See the Film! Why Students Must See the Film Version of Plays

As a tutoring professional for over ten years in Silicon Valley, an area that prides itself on high quality education, I am still shocked that most English teachers whether at private or public schools do NOT screen films based on plays that students read and study in class. In January 2017, I posted the blog Five Movies Based on Shakespeare That You Didn’t Know Were Based on Shakespeare to partially address this issue.

By not screening films based on plays, teachers ignore a valuable tool to enhance student understanding, engagement and retention. Students need to see a play performed. Plays are not meant to be analyzed purely as text as this will kill any of the artistic merit and enjoyment to be gained from seeing a performance. This is akin to reading music on a page and never hearing the orchestra play the piece.

Unfortunately, the majority of English teachers commit professional malpractice by either not bothering to screen films of a play or screening only select scenes. One teacher goes so far as to refuse to screen films; I often see this teacher’s students because they do not understand the play well enough to write a decent analysis. My first recommendation is that they see the film.

In the best of all possible worlds, all English teachers would screen the film version of the play BEFORE students read it. Screening the film during class time instead of assigning it as homework would guarantee students actually see the play performed as it should be. Plays are not static text, but living art. Besides, most students would prefer to see a film during class than sit through a boring lecture or Socratic seminar.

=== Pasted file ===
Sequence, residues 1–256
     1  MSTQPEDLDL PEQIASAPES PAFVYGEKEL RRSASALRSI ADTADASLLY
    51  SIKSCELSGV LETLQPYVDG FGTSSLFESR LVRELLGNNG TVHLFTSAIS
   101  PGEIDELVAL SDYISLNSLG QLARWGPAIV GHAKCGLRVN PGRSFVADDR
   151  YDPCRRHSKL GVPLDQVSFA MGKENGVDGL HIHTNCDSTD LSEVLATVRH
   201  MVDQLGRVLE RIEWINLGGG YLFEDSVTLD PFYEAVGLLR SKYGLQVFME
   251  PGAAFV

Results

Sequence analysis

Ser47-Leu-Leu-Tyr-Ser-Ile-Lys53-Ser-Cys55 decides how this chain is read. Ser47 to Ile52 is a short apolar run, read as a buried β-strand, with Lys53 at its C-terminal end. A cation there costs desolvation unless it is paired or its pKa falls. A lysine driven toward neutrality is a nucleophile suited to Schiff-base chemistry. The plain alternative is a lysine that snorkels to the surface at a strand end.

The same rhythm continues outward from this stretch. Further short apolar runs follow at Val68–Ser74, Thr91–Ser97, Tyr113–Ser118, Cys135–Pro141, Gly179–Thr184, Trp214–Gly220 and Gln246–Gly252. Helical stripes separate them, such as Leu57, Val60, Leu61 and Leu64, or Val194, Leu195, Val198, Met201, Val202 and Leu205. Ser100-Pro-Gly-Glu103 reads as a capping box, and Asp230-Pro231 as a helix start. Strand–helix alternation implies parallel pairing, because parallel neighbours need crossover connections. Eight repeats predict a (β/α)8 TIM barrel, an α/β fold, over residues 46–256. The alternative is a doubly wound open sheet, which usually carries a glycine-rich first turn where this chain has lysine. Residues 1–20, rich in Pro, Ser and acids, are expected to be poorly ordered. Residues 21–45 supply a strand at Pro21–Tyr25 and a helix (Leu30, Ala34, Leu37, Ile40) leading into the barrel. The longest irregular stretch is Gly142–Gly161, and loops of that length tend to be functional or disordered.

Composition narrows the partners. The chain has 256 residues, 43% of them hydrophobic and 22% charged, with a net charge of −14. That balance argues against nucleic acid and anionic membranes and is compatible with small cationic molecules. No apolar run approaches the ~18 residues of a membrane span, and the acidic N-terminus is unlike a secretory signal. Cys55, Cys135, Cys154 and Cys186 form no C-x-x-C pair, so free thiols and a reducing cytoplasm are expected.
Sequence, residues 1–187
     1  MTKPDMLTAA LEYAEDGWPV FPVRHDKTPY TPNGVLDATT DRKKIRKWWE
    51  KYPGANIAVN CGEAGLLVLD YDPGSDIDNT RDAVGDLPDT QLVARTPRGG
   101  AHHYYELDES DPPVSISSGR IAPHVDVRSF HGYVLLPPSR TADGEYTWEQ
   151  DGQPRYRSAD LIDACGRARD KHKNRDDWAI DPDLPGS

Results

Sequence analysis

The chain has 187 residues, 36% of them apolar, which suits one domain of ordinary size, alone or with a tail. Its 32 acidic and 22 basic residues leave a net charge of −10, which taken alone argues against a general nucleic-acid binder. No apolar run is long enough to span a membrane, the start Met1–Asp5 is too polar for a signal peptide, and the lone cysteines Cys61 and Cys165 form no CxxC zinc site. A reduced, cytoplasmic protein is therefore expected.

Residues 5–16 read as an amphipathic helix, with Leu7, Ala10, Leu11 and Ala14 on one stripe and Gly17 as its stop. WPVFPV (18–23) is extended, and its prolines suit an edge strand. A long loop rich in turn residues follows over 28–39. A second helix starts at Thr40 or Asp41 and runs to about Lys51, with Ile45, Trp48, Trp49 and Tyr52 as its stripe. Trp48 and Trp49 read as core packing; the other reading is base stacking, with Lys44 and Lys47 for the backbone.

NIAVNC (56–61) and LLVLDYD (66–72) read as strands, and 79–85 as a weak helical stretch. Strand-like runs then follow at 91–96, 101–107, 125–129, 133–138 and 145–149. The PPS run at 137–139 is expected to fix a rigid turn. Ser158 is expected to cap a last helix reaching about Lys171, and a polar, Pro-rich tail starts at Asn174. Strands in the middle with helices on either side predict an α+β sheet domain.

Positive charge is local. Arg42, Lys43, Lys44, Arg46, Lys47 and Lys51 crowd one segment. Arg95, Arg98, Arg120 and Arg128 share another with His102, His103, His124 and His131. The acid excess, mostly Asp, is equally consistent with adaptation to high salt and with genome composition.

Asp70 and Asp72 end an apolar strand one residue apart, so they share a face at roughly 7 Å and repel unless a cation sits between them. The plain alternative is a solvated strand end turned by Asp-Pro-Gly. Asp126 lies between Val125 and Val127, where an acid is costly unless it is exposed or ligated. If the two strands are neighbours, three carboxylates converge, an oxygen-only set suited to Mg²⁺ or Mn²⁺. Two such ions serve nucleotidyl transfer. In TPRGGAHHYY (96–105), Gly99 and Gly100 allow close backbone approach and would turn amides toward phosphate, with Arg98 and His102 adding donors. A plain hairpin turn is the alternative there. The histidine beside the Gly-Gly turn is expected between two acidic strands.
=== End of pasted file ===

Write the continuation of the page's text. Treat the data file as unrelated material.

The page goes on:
By seeing the film before reading the play, students will better understand the plot, emotion, mood and tone. Some teachers wait until after students have read the text to screen the film and although this is better than no film at all, students should still see the play first. Most students have no idea of the diction, body language or costumes, especially for Shakespeare, and a performance will help them later conjure up the mental images needed to appreciate, analyze and interpret the text for an essay.

Here is a partial list of plays that local schools have taught. I am sad to say that the majority of my students did NOT see the entire play in class either before or after they had read it. Make sure your student does see the film. Make it a family movie night. Not the most fun movie night compared to seeing the latest Avengers’ blockbuster, but it will make writing essays about the play easier.

Antigone, As You Like It, Cyrano de Bergerac, Fences, Hamlet, Julius Caesar, MacBeth, Merchant of Venice, A Midsummer’s Night Dream, Oedipus Rex, Othello, Phedre, The Tempest, A Raisin in the Sun, and Romeo and Juliet.

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